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Artist Profiles

Victor Feldman - Part 5: The Final Years, 1978-87

By Published: February 20, 2009
For a variety of reasons, the blues, musically and emotionally, became a very large factor in Victor's life as in September 1984 his beloved wife Marilyn passed away quite suddenly. This was also around the time that he would be further shattered by the news of his dear friend Shelly Manne's death from a heart attack.

Victor would also be gone a few years later as he died on May 12, 1987 at the age of 53.

In the Producer's Notes for his JVC compilation of recordings by Victor's jazz-rock Soft Shoulder and Generation Band, whose music—although excellent—falls outside the purely jazz scope of this piece, Mike Brown had this to say about the significance of Victor Feldman and his legacy:

"When we think of jazz legends,the names that usually come to mind most quickly are artists such as Dizzy Gillespie, Miles Davis, Ella Fitzgerald, Charlie Parker... One name that is rarely heard in the context of these legends is Victor Feldman. Yet anyone familiar with his work would not deny his immense talent or indelible influence on any artist he has worked with. This reputation secured Victor Feldman's place as a musician's musician and gave him the opportunity to put his stamp on a number of now classic recordings. His work with a virtual who's who of artists ranging from, Cannonball Adderley to Steely Dan makes him a true 'legend.'"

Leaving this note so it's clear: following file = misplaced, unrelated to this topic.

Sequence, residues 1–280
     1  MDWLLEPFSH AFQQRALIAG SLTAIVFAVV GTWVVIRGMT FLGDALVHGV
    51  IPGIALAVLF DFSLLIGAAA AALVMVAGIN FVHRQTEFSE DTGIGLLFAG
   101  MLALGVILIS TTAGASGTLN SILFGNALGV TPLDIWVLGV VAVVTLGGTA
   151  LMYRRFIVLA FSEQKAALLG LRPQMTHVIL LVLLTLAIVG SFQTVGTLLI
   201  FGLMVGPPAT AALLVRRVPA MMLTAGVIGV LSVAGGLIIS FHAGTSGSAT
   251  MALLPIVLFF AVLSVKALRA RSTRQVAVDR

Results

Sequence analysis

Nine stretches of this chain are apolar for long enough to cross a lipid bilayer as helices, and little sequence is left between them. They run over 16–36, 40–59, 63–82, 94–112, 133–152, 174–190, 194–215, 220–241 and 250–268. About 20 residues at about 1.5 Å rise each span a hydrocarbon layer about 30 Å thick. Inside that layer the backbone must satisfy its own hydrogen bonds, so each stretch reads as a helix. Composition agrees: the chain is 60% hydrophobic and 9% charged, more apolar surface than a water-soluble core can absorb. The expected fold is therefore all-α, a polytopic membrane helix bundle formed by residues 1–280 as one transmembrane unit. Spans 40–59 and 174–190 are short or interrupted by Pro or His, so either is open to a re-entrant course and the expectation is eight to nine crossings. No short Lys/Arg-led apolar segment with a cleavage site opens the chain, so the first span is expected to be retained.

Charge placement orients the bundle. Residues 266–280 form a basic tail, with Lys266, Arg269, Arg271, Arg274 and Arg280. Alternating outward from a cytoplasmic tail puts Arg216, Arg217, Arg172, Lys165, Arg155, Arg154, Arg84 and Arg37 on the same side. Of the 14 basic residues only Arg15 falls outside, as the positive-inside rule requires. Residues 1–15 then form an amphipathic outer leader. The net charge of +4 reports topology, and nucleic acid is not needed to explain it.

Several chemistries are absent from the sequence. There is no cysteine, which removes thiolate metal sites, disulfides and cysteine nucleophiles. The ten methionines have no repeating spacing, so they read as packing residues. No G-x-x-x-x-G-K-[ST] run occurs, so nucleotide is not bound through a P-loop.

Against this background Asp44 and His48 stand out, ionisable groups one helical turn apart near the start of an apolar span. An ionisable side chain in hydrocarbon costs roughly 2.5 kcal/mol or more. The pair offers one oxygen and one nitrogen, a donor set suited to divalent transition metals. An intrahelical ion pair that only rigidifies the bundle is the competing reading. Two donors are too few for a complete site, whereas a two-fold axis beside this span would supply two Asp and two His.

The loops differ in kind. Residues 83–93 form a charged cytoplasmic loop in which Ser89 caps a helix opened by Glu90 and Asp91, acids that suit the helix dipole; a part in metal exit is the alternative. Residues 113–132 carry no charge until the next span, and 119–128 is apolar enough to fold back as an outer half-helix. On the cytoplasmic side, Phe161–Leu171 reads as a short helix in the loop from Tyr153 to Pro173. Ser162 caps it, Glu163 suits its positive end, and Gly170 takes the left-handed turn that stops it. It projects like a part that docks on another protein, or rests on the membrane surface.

Bob Cooper, who shared the bandstand with Victor at The Lighthouse Cafe'in Hermosa Beach, back when it all began for Victor, had this to say after his death:

"Victor was all about music and although he had a lot of native ability he was constantly applying himself, always learning something new. He made himself into a phenomenal pianist; a guy who could play something that would really turn your head around. It seemed like he was everywhere in the studios, but he always had something going on around town with his trio, over at Donte's with [tenor saxophonists] Tom Scott or Ernie Watts or involved with some concert project. He wasn't an open man. He always seemed to be absorbed in his own thoughts. But if you asked him something or needed him for anything, he would stop whatever he was doing and help you right away. He was very successful commercially; he took care of his family in style. There can be a lot of tension on a studio gig, but if he was on the date, his knowledge and ability was a real calming influence.'

"Victor was a real musical presence and I'll miss him terribly."


Bob wasn't alone.


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